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RAHN: Economic lessons from the Olympics
Reward, not envy, is American way
Do you admire what the Olympic athletes have been able to accomplish, and do you think they should be applauded for their outstanding performances? Most people in the world would answer the question in the affirmative. Most people also admire and applaud great musicians and artists. We celebrate these people because we know that most had to work extremely hard for many years with great discipline to accomplish extraordinary feats that give the rest of us great pleasure.
We also applaud and reward their accomplishments, even knowing that luck played some part in their success. Practice and hard work will not make one an Olympic champion without the right genes. There are no 6-feet 5-inch gymnasts, and there are no 5-feet 2-inch basketball champions. Many of us lack the genes to make us great musicians — and some of us even have difficulty staying on key, let alone writing a symphony.
Civilization can only advance when individuals are both encouraged and rewarded for excellence. The men and women who designed, built, and succeeded in placing the new SUV-sized rover on Mars receive and deserve our acclaim. The late Steve Jobs is widely admired for creating the world’s most valuable company and for being a genius in product innovation and marketing. Thomas Edison was even more innovative a century earlier — the light bulb, the phonograph, the electrical generation and distribution system, etc. — and he also built one of the world’s largest companies, General Electric.
The good side of humanity is revealed when we praise and reward such people. The bad side of humanity is shown by those who wish to punish success. According to legend, Ivan the Terrible was so impressed by the stellar achievement of the architect he had commissioned to design St. Basil’s Cathedral in Moscow that he had him blinded so no other ruler could hire him to produce an equal or greater feat.
The modern day equivalents of Ivan the Terrible are those who pander to the envious and jealous by demanding higher and higher tax rates on the successful. They seek to punish success with the childish demand that they “give back.” We pay our successful athletes and musicians a great deal of money because their performances “give” us great pleasure. Sam Walton made tens of billions of dollars because he developed and “gave” us a superior marketing and distribution system that enabled all of us to buy tens of thousands of products at lower prices. Those “evil” real estate developers are the ones who take great risks to build hugely expensive buildings and hire great architects who “give” the rest of us the profile and structures of the cities where we live and work.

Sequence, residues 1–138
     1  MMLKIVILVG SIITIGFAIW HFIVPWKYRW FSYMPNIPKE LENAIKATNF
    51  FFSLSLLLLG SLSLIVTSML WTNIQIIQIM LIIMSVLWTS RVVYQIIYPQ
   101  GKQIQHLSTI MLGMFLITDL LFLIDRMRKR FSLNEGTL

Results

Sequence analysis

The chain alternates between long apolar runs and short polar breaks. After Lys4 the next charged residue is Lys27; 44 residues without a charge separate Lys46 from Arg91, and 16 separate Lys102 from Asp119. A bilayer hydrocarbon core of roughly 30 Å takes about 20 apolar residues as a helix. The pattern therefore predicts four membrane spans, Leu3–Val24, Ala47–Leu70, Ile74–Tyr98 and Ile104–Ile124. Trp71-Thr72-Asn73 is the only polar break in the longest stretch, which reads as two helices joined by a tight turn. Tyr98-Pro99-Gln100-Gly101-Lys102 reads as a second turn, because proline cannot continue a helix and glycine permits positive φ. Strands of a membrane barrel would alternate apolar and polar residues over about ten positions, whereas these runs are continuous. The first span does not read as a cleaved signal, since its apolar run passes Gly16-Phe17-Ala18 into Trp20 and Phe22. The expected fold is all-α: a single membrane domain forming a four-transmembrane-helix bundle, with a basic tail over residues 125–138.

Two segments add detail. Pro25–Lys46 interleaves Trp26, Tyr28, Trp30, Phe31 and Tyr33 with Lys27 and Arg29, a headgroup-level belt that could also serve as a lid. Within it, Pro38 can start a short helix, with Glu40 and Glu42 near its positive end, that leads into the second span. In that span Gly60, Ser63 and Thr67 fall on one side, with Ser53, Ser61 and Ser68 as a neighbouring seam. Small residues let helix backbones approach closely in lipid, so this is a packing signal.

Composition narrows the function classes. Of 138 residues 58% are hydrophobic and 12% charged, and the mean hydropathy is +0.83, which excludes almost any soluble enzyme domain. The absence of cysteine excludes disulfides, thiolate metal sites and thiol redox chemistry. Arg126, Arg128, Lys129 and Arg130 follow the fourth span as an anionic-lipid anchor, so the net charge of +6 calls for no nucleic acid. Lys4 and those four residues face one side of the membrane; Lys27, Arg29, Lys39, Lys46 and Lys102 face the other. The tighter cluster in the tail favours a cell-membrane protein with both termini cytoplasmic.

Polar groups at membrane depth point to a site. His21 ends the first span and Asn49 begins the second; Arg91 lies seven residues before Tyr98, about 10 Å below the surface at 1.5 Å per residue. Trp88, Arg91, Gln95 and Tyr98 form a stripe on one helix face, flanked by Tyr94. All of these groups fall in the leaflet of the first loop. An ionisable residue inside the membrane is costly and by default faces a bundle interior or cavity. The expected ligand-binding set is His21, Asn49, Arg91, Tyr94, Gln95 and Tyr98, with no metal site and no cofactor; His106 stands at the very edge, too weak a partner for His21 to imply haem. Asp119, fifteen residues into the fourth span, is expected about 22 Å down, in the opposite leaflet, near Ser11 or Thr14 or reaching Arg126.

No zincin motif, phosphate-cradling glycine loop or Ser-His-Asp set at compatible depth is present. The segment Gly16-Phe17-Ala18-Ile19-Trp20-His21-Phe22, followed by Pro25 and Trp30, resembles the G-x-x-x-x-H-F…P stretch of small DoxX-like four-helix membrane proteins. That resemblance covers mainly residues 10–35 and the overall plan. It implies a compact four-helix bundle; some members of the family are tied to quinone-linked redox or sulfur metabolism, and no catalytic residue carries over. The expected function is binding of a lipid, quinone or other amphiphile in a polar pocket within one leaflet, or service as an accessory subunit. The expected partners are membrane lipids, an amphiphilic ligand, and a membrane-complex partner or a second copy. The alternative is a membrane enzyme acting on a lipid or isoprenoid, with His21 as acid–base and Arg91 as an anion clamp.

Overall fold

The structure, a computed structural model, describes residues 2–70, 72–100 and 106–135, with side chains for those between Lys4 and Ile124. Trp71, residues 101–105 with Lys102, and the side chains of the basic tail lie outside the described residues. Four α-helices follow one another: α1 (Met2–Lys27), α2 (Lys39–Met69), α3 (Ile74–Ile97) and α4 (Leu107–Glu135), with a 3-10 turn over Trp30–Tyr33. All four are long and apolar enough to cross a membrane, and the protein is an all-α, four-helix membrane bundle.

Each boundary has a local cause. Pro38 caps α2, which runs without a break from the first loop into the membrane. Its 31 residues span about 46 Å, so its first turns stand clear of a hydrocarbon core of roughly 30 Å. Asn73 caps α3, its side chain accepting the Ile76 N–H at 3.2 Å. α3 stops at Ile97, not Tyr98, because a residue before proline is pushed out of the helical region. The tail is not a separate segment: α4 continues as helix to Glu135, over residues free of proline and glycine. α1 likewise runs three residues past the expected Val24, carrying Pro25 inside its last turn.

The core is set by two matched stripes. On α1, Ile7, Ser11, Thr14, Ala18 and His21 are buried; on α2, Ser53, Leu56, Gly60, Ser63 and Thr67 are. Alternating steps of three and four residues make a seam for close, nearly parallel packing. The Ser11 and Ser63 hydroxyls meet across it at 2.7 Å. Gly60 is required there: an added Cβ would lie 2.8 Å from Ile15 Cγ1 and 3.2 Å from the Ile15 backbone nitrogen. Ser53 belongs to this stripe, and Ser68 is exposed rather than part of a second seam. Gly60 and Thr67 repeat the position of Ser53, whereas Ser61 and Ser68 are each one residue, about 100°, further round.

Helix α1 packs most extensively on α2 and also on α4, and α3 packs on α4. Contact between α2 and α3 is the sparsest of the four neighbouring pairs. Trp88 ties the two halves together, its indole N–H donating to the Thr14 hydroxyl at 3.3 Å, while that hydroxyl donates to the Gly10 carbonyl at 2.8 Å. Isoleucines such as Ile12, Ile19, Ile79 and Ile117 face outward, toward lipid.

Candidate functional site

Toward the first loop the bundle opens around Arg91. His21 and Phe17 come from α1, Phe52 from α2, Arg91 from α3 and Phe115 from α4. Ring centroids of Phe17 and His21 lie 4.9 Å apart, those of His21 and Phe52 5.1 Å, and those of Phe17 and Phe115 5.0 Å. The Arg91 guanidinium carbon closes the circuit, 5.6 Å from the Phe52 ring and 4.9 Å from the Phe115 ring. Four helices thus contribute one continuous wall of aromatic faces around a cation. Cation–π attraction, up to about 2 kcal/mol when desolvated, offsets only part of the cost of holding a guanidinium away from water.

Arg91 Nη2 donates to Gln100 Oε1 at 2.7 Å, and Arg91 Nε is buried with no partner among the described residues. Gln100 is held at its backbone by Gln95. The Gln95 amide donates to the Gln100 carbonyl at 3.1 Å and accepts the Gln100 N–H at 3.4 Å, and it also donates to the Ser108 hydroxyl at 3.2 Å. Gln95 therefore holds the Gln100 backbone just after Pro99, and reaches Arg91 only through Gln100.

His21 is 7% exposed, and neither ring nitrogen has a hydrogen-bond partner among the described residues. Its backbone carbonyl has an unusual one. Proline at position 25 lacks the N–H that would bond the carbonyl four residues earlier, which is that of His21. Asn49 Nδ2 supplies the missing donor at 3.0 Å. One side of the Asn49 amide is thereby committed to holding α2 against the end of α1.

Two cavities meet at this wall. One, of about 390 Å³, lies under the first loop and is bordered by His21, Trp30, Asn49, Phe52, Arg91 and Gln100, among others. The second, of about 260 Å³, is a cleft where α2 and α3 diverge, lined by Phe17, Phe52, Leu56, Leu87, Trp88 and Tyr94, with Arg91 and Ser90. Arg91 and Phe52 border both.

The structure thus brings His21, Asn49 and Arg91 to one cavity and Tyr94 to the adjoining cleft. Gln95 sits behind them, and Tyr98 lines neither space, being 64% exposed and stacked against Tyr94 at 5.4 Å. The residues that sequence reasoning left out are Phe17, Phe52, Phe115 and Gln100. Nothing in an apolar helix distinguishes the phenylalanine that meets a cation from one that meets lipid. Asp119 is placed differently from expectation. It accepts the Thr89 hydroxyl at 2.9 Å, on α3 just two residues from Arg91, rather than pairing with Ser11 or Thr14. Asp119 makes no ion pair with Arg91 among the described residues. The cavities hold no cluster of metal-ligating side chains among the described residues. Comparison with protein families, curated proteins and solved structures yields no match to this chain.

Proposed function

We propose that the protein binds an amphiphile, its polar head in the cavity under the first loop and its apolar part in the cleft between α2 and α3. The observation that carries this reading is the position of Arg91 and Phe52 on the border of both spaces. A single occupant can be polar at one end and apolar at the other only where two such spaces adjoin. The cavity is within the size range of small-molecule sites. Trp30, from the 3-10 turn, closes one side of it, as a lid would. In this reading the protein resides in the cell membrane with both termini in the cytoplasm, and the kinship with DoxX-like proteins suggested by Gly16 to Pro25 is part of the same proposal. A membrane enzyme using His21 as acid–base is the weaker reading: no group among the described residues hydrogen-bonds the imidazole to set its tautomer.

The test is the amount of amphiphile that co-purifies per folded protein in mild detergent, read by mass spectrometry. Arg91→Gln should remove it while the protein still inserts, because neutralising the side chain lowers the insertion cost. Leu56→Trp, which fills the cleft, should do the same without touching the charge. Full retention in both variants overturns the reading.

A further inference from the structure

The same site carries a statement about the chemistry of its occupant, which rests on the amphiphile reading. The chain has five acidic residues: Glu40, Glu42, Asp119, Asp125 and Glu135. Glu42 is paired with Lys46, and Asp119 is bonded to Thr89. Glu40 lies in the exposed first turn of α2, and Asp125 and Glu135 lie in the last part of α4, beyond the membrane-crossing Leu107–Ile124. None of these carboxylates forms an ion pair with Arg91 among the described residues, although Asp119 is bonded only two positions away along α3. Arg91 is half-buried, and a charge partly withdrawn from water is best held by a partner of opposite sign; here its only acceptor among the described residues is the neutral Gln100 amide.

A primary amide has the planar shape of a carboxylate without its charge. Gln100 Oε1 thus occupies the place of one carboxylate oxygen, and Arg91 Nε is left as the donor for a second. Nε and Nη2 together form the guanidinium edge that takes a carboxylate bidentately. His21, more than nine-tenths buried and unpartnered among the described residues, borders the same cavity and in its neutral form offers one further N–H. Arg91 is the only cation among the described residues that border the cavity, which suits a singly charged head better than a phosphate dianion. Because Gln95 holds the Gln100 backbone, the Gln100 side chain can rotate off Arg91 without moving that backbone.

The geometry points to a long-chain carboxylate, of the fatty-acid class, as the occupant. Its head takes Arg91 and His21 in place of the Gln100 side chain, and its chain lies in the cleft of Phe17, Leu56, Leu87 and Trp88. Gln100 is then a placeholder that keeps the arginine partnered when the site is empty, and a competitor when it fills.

We want an economy that produces many well-paying jobs. These are produced by entrepreneurs and businessmen, many of whom have spent considerable time developing their skills, learning from their own mistakes, and often risking their own money. Every job they create is “giving” something to those who are not as equally ambitious, talented, resourceful, hard working or skilled. Why then should the job creators be expected to “give” even more?
Socialists of all stripes, whether they be politicians, tenured professors, unthinking students, bureaucrats in government (including those enjoying tax-free salaries at international organizations, such as the United Nations and the Organization for Economic Cooperation and Development) have a common refrain that they want equality of outcomes in the name of “fairness” (but not for themselves, of course). In the name of fairness, should we not allow anyone more than 6 feet tall to play basketball? Should we have given medals to all of the Olympic athletes so none of them would feel bad because they did not get medals? After all, they tried. If we did reward them equally, what affect do you think it would have on the future level of performance?
The medals we pass out to inventors, entrepreneurs, and businessmen for superior performance are dollars. We know from the law of supply and demand and from empirical evidence that when we tax our exceptional performers at higher rates — in essence, punishing them for their success and for what they “give” us — we are going to be given fewer exceptional performances, whether it is entertainment, science, medicine, or successful businesses that create the jobs. A society that rewards envy and punishes success is not kind, fair, or pleasant. A society that rewards excellence with acclaim, and yes, money, will see more excellence that lifts and betters everyone.
Richard W. Rahn is senior fellow at the Cato Institute and chairman of the Institute for Global Economic Growth.
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